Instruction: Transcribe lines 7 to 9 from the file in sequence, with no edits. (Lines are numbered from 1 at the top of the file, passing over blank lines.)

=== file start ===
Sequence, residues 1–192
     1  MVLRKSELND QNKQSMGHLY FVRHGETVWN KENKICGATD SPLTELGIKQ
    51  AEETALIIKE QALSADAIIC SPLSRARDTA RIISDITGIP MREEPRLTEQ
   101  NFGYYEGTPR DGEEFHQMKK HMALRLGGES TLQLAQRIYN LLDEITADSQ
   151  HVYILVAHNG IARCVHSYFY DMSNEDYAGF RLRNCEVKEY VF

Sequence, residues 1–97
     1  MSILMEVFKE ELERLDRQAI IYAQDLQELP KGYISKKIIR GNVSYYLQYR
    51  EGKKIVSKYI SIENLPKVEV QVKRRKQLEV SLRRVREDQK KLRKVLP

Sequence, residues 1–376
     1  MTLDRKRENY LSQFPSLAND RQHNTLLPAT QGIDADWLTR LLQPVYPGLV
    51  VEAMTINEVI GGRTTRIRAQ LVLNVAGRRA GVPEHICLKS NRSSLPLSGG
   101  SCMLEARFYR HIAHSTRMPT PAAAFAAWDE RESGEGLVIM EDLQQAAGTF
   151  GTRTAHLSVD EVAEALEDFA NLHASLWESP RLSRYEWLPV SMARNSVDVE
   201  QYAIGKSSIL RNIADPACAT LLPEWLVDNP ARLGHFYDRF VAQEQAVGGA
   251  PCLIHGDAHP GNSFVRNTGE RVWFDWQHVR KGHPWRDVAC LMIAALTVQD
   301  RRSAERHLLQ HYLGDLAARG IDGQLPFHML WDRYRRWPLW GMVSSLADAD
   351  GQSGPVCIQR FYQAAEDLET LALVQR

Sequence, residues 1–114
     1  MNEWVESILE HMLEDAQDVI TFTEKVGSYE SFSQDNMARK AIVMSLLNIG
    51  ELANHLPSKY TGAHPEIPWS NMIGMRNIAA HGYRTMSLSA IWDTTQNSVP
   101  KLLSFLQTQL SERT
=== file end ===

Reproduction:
     1  MSILMEVFKE ELERLDRQAI IYAQDLQELP KGYISKKIIR GNVSYYLQYR
    51  EGKKIVSKYI SIENLPKVEV QVKRRKQLEV SLRRVREDQK KLRKVLP

Sequence, residues 1–376